ROCKIES ROAD: The Dodgers will face the 2009 National League Wild Card entry Colorado Rockies today at Camelback Ranch – Glendale. Last year the NL West race came down to the final weekend of the season with the Dodgers clinching the title on Oct. 3 at Dodger Stadium behind 6.0 scoreless innings from Clayton Kershaw and perfect bullpen outings from Hong-Chih Kuo, George Sherrill and Jonathan Broxton. Kershaw made his Cactus League debut yesterday and the relief trio will be on display for the first time this afternoon. The Dodgers travel to Tucson to play the Rockies on March 30.
STAYING ROUTINE: For the fourth consecutive game, the Dodgers first five in the order will be Rafael Furcal, Matt Kemp, Andre Ethier, Manny Ramirez and James Loney. Casey Blake will miss today’s contest to rest his back, which he slightly tweaked yesterday while throwing. The red-hot Blake DeWitt will also start his fourth straight game and looks to improve on his near-perfect start that has seen him go 4-for-5 with a double, two runs scored and four walks.
THERE GOES OUR HIRO: Dodger right-hander Hiroki Kuroda will make his Spring Training debut today, kicking off his third season with Los Angeles. Since coming over from Japan, Kuroda is 17-17 with a 3.74 over 52 games (51 starts) in his two years with the Dodgers. Kuroda will be followed to the mound by RHP Charlie Haeger, LHP Hong-Chih Kuo, RHP Jonathan Broxton and LHP George Sherrill. The Rockies will send RHP Ubaldo Jimenez to the hill.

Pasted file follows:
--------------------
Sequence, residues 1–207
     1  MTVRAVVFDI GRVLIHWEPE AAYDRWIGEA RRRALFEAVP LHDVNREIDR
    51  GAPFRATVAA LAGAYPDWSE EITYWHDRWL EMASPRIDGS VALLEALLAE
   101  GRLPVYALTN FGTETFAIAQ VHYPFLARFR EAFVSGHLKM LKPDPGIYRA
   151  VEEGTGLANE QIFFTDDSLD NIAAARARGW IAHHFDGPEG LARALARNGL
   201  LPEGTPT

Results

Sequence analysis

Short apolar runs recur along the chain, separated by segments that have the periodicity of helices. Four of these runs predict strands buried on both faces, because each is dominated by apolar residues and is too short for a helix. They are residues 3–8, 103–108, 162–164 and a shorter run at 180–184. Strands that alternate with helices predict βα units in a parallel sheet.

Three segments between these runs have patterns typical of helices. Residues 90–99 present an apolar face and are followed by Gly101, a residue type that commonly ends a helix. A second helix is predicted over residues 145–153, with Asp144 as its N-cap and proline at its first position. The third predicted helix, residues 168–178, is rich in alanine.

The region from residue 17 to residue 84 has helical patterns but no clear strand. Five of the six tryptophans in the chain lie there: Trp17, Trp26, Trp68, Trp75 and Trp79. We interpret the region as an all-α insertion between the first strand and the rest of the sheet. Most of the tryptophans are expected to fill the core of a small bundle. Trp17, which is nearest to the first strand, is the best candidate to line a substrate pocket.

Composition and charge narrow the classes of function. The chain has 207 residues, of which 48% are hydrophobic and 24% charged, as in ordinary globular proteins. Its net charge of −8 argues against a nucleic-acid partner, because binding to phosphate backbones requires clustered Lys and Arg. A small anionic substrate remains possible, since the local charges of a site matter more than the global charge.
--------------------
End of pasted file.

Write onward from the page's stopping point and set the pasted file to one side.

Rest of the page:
TAIWAN TWO-STEP: The Dodgers have packed their bags for the 15-hour 6,414-mile flight to Taiwan tomorrow morning. Taiwan natives Chin-lung Hu and Hong-Chih Kuo along with familiar faces Manny Ramirez, James Loney and Joe Torre will headline the club’s travel roster that is set to take on a team comprised of Chinese Professional Baseball League All-Stars in the three-game goodwill series. In addition, MLB International and PRIME TICKET are both onsite today to tape some last-minute footage of the Taiwan preparation before the long flight tomorrow.
INTERNATIONAL FLAVOR – The Dodgers’ roster in Taiwan is represented by seven countries – the United States, Taiwan (Kuo, Hu), South Korea (Choi), the Dominican Republic (Ramirez, Alvarez, Perez and Berroa), Mexico (Castillo, Felix and Gutierrez), Venezuela (Bastardo) and Curacao/Netherlands Antilles (Jansen). In fact, all seven nationalities are represented on the pitching staff alone!
LET’S PLAY “2”: Yesterday, the Dodgers ended up playing a “B” game at the Ballpark at Camelback Ranch in addition to their regularly scheduled contest with the Giants in Scottsdale. The morning “B” game, which ended in a 3-3 tie, saw Josh Lindblom fire 2.0 scoreless innings and Ramon Troncoso, Javy Guerra, Kenley Jansen and Travis Schlichting fire a scoreless inning apiece. Brian Giles collected two hits in the contest. During the afternoon match-up in Scottsdale, Matt Kemp blasted his first homer of the spring and Blake DeWitt went 2-for-2 with two walks. On the mound, Josh Towers (2.0), Jon Link (1.0) and Carlos Monasterios (2.0) tossed scoreless baseball.
THE OLD WISE ONES: The longest tenured Dodger in camp is Jason Repko, who has been in the Dodger organization continuously since starting with Rookie-level Great Falls in 1999. Right behind Repko is left-hander Hong-Chih Kuo, who started with San Bernardino in 2000. The longest continuously tenured Dodger at the Major League level who has not been sent down to the minors at any point is Jonathan Broxton, who has been a Los Angeles Dodger since May 1, 2006. Broxton made his big league debut on July 29, 2005, but started the 2006 season in Triple-A Las Vegas. Just for fun, Andre Ethier debuted on May 2, 2006 and Russell Martin on May 5, 2006.
THE WISEST ONE: Of course, the longest tenured Major Leaguer in Dodger camp is today’s starting catcher Brad Ausmus, who has logged 16 years and 70 days in the big leagues, just ahead of Manny Ramirez’s 16 years and 33 days. Ausmus is 50 games away from 2,000 in his career and is tied with Benito Santiago for eighth on the all-time games caught list with 1,917.